China: World Trade Organization: 2010 Marks An Important Shift For China

Copyright 2011, Blake, Cassels & Graydon LLP

Originally published in Blakes Bulletin on International Trade & Investment–China Focus, February 2011

In 2010, the World Trade Organization (WTO) issued four panel decisions in ongoing cases to which the People's Republic of China (PRC) was a party. The decisions concern measures related to:

  • the importation of poultry products from the PRC;
  • antidumping (AD) measures imposed by the European Union (EU) on imports of Chinese metal fasteners;
  • safeguard measures imposed by the U.S. on imports of Chinese passenger vehicle and light truck tires; and,
  • AD and countervailing (CV) duties imposed by the U.S. relating to steel pipe, off-road tires and woven sacks.

China was the complainant in all four of the disputes. This article provides an overview of the disputes and their implications, as well as some background on notable new disputes initiated in 2010.

TREATMENT OF CHINA AS A NON-MARKET ECONOMY

Two of the cases decided by the Dispute Settlement Body (the DSB) in 2010 addressed the treatment of China as a "non-market economy" (NME).

On December 3, 2010, the WTO issued the report of the DSB Panel in the case: European Communities – Definitive Anti-Dumping Measures on Certain Iron or Steel Fasteners from China (DS397) (Fasteners case). The case related to AD measures imposed by the EU on imports of Chinese metal fasteners, including screws, nuts and bolts. China brought the case to the WTO in July 2009 after the EU imposed import duties ranging from 26.5% to 85% on various Chinese steel and iron fasteners. The EU justified the import duties under Article 9(5) of Council Regulation (EC) No. 384/96, which provides that in cases of imports from NME countries, the duty shall be specified for the supplying country concerned and not for each supplier. Likely as a consequence of the import duties, the imports of fasteners from China to the EU reduced in value to US$555.7-million in 2009 from US$1.39-billion in 2007.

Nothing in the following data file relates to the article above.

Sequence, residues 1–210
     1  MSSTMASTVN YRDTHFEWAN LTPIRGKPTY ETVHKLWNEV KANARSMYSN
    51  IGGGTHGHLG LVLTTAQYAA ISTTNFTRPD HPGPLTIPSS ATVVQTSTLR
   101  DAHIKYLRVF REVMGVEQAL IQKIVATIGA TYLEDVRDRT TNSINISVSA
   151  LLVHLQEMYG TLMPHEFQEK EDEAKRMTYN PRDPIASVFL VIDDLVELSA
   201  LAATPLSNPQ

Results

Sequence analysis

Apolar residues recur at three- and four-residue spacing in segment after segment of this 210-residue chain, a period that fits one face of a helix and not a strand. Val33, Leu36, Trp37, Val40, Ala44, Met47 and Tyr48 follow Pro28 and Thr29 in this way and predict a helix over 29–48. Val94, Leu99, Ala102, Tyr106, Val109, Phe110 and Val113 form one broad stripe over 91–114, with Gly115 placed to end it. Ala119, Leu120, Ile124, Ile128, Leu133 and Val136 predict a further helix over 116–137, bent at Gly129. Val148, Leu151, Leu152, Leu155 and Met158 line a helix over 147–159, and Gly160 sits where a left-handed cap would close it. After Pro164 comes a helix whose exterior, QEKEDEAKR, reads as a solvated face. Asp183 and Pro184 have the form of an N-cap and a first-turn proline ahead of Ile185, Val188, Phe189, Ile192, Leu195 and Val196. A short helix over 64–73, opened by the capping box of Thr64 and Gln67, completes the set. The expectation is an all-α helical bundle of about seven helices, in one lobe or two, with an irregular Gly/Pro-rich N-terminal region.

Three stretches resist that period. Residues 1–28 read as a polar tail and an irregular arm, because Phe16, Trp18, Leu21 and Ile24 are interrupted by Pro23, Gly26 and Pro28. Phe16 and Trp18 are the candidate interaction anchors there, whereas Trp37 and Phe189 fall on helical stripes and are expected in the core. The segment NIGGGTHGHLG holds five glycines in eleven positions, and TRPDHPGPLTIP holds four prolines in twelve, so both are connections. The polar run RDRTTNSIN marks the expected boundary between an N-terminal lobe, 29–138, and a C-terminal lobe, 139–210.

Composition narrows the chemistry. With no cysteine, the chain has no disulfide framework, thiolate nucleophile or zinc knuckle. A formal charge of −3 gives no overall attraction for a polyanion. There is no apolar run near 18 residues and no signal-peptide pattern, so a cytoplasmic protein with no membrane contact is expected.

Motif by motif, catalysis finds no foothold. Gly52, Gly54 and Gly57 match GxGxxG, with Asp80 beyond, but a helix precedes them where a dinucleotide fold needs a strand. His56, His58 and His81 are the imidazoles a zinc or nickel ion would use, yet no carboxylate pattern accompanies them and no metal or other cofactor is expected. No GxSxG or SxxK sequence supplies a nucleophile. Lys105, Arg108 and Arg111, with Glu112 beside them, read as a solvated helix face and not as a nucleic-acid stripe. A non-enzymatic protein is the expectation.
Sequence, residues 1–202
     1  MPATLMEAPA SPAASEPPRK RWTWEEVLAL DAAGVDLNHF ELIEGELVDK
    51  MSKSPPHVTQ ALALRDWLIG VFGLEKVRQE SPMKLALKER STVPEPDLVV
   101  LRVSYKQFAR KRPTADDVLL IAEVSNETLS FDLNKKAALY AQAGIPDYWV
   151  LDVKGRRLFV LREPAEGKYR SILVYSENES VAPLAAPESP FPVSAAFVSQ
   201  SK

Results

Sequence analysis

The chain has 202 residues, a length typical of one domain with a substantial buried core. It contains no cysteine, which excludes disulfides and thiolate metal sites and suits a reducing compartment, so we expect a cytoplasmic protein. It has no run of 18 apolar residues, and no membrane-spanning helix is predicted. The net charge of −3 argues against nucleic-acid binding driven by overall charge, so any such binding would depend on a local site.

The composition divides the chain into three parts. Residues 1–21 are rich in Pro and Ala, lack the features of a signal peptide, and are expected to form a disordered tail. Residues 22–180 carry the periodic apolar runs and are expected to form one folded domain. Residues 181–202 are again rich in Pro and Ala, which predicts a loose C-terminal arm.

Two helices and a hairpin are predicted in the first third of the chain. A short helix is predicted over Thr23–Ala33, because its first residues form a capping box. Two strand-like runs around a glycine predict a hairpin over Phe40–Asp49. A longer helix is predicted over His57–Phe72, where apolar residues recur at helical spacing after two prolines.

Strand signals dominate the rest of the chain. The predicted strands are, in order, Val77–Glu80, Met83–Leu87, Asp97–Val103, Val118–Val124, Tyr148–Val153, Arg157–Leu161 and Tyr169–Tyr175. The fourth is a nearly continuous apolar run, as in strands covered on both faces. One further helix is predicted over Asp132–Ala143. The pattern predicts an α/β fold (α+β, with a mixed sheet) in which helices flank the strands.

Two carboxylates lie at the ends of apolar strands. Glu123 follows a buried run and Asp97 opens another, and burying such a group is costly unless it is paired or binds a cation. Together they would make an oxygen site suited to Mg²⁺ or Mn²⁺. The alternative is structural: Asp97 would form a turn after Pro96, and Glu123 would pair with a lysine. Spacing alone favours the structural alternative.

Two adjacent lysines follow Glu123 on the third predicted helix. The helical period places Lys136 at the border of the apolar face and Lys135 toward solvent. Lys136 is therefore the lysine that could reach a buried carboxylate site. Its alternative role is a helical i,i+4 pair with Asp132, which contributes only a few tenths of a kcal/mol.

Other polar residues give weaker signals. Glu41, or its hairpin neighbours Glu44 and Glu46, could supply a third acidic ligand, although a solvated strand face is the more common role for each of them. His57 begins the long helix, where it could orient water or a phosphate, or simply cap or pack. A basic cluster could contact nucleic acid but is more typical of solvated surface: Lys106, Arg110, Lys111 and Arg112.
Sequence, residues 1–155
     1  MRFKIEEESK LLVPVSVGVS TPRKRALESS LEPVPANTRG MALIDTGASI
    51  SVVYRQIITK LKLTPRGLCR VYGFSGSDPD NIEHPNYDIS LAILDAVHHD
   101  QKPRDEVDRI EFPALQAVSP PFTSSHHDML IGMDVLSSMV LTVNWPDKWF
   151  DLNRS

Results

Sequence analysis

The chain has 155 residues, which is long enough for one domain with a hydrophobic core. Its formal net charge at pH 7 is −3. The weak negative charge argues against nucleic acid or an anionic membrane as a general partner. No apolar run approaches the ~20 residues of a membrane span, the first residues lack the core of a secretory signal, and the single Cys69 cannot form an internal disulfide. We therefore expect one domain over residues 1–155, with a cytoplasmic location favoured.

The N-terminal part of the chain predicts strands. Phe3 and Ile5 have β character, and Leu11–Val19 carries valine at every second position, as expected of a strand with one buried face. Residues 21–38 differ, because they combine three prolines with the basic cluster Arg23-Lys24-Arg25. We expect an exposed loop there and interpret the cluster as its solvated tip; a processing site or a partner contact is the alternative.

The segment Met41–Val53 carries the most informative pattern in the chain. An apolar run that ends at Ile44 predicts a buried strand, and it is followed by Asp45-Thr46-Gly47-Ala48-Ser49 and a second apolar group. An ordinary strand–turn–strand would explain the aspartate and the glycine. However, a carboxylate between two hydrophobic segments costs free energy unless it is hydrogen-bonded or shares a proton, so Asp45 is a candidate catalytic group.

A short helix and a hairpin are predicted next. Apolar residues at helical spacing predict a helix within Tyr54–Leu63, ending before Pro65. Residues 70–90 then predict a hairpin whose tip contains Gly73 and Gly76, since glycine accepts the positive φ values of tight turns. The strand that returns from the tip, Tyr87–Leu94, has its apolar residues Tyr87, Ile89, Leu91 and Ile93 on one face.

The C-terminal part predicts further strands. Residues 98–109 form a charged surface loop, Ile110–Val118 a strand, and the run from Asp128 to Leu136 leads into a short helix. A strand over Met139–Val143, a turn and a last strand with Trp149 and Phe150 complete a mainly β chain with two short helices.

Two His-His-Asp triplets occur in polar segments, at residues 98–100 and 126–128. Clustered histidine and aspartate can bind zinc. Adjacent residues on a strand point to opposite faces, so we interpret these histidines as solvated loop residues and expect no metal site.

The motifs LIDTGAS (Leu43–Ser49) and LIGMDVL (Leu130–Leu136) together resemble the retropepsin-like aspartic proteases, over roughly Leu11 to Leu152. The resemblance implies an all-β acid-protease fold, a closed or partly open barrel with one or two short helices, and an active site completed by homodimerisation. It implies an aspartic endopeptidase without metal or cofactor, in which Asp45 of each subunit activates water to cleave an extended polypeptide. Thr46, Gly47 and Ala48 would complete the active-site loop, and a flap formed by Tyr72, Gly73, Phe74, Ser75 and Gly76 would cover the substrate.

In the case, China argued that the EU had acted inconsistently with the AD and most-favoured nation (MFN) commitments under the 1994 General Agreement on Tariffs and Trade (GATT) and the Anti-Dumping Agreement (AD Agreement). It also argued that the EU was in violation of Article 15 of Protocol on the Accession of the People's Republic of China (Protocol) which covers price comparability in determining subsidies and dumping.

In its arguments before the DSB Panel, China's main claim was that the EU unfairly used costs in India and the EU itself as comparisons when determining the hypothetical production cost of fasteners in China. In its decision, the DSB Panel agreed that the EU should have calculated individual dumping margins for each known Chinese exporter or producer under investigation rather than a simple dumping margin for NME producers. The decision could change the manner in which AD authorities across the world treat imports from China, as traditionally, China is considered an NME and costs from "comparable" economies are often used to calculate margins of dumping.

The decision in the Fasteners case came on the heels of another DSB Panel decision that addressed the treatment of China as an NME. On October 22, 2010, the WTO issued the report of the DSB Panel in the case: United States – Definitive Anti-Dumping and Countervailing Duties on Certain Products from China (DS379). The case related to the AD and CV duties imposed by the U.S. in several investigations in 2008 relating to steel pipe, off-road tires and woven sacks.